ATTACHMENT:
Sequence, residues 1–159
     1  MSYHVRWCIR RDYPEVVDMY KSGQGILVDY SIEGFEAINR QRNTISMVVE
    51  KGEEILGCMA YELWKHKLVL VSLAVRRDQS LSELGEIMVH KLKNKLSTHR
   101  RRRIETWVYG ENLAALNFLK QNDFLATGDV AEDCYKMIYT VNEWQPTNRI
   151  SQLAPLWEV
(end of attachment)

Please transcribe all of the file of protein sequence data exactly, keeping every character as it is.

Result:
Sequence, residues 1–159
     1  MSYHVRWCIR RDYPEVVDMY KSGQGILVDY SIEGFEAINR QRNTISMVVE
    51  KGEEILGCMA YELWKHKLVL VSLAVRRDQS LSELGEIMVH KLKNKLSTHR
   101  RRRIETWVYG ENLAALNFLK QNDFLATGDV AEDCYKMIYT VNEWQPTNRI
   151  SQLAPLWEV